November 9, 2007

Balance vs Integration

I received a very interesting email today from the Rev. Dr. R. J. Voyle of the Clergy Leadership Institute, concerning the appreciative inquiry technique. I've always liked this approach, but the email in question was particularly interesting in light of the current woes in the WWAC. Here is part of what the email said:

...Seeking balance is a guaranteed way of living in a state of tension, pulled between the two different demands. This state of tension also leads to continual worry and vigilance over whether one or other of the demands is being neglected. Similarly, church leaders often get caught in the midst of trying to balance the competing demands of their congregational programs. If you seek balance you will not have peace.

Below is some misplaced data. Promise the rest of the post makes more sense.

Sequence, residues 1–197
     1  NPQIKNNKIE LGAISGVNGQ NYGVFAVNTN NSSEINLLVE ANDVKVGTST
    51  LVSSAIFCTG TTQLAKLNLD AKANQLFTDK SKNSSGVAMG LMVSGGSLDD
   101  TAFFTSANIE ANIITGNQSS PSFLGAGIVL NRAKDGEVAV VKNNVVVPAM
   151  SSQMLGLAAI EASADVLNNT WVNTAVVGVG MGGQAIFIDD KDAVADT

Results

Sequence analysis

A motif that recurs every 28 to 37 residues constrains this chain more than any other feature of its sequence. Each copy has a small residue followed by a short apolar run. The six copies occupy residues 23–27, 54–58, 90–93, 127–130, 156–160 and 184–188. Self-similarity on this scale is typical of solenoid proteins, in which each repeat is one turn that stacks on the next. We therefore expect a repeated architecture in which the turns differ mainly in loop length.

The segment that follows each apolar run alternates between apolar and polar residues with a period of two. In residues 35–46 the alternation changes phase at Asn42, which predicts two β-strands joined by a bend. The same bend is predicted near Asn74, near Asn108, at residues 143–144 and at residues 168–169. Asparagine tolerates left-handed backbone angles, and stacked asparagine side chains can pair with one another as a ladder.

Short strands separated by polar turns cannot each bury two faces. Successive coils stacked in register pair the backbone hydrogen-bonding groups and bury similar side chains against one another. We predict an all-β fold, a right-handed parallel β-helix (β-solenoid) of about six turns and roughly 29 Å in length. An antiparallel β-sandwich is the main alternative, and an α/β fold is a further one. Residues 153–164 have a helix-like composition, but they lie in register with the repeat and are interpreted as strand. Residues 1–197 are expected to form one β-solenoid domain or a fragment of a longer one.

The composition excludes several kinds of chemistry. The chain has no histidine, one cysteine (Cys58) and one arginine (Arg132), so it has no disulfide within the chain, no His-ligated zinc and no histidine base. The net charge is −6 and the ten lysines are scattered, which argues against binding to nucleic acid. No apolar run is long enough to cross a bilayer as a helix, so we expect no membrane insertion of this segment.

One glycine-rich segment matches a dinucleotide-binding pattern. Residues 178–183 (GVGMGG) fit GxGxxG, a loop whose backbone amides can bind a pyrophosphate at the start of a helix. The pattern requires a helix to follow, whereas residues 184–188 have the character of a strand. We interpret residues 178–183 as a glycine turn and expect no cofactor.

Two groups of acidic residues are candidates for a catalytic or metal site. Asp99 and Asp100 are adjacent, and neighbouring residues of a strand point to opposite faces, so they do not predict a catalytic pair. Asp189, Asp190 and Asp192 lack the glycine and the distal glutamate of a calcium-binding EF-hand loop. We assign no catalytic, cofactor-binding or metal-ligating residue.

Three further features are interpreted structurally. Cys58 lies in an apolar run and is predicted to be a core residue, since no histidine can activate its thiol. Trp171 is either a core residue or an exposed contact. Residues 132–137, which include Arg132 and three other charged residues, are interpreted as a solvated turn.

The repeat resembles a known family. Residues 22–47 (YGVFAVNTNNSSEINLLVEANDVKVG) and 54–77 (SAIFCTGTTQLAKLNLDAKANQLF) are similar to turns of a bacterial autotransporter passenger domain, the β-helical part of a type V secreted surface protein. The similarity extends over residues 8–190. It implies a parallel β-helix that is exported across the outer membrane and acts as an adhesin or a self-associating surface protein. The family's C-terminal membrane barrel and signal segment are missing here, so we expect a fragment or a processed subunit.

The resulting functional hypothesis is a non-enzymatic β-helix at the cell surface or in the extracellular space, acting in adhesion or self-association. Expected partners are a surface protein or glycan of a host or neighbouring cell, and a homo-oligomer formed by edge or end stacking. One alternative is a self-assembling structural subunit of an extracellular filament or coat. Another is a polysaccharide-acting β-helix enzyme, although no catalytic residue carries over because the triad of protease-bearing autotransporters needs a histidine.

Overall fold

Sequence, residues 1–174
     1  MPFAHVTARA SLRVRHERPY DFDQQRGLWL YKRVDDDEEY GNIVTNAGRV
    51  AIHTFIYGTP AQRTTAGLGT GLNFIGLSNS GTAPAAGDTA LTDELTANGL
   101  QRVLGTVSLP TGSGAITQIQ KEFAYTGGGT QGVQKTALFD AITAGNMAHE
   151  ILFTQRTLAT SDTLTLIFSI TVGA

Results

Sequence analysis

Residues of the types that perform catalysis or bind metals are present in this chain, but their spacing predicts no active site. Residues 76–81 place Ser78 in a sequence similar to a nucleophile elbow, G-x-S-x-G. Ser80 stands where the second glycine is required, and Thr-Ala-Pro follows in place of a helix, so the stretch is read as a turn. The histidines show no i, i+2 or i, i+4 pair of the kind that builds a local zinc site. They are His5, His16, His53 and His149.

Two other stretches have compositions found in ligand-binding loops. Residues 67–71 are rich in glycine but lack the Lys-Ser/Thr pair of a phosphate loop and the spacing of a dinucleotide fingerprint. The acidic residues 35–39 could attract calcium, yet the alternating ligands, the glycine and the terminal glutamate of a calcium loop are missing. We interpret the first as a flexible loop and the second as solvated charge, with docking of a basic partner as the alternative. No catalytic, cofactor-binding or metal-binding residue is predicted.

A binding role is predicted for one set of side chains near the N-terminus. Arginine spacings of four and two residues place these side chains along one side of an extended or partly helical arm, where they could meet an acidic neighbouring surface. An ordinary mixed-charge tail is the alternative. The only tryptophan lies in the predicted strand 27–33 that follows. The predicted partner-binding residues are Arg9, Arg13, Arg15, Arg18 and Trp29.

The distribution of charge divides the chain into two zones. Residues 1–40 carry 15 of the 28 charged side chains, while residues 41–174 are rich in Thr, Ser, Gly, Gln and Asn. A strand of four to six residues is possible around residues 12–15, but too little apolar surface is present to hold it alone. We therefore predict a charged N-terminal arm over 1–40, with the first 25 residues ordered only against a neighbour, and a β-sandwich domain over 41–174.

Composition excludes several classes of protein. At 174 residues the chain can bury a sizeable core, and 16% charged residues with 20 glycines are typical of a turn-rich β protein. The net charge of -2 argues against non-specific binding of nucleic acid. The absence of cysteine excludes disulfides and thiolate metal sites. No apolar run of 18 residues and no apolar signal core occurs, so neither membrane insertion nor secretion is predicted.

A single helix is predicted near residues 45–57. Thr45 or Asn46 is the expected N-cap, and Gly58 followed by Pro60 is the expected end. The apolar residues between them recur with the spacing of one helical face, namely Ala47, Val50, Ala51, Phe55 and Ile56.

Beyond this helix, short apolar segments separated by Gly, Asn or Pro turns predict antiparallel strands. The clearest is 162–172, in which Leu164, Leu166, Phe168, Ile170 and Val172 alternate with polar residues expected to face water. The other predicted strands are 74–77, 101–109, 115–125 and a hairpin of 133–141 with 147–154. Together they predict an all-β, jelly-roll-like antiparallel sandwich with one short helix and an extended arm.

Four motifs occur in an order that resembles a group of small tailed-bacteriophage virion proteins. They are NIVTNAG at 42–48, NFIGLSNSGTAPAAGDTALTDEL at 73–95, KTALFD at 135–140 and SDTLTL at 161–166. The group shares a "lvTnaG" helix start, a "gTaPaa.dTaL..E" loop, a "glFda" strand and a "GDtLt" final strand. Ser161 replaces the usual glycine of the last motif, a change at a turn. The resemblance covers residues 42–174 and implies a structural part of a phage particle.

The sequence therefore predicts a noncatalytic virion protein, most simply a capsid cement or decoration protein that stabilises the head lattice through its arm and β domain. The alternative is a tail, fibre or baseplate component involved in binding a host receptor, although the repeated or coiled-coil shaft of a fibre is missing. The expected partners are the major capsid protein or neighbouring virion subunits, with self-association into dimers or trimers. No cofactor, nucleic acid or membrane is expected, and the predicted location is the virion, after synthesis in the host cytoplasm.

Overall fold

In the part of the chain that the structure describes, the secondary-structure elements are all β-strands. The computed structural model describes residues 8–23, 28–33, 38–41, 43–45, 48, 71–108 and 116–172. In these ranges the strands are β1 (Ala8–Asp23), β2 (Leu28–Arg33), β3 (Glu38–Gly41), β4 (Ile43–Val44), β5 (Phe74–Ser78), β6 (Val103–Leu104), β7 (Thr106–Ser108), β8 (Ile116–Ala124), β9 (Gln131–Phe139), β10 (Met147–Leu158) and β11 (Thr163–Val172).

Rather than seeking balance we need to integrate our lives around our core life-giving purpose. This is the place where we can simultaneously say Yes! to God, our Neighbor, and Our Self. It is the life-giving hub which energizes all aspects of our lives, bringing peace, harmony, and passion to all that we do. In congregations the Church’s core purpose is the hub from which each church activity derives its specific purpose. Without a commitment to a unified vision the church dissolves into series of life-draining competing entities.
“Getting integrated” requires that both individuals and groups know their core purpose.

It certainly strikes me that Rowan Williams could use the benefit of coaching from this group. Rather than seeking to balance all of the conflicting claims and counterclaims, he might better hold on to the core values for which the Anglican Communion has long been known and recognized.

As I said recently in another context, we gather at the table because of what each of us brings to the table, and what we derive from that gathering: no one comes empty-handed, but all are given more than they can ask or imagine when they are open to the multiplication of gifts. It is not for any of us to tell any others to leave the table because we might not like their gift.

Tobias Haller BSG

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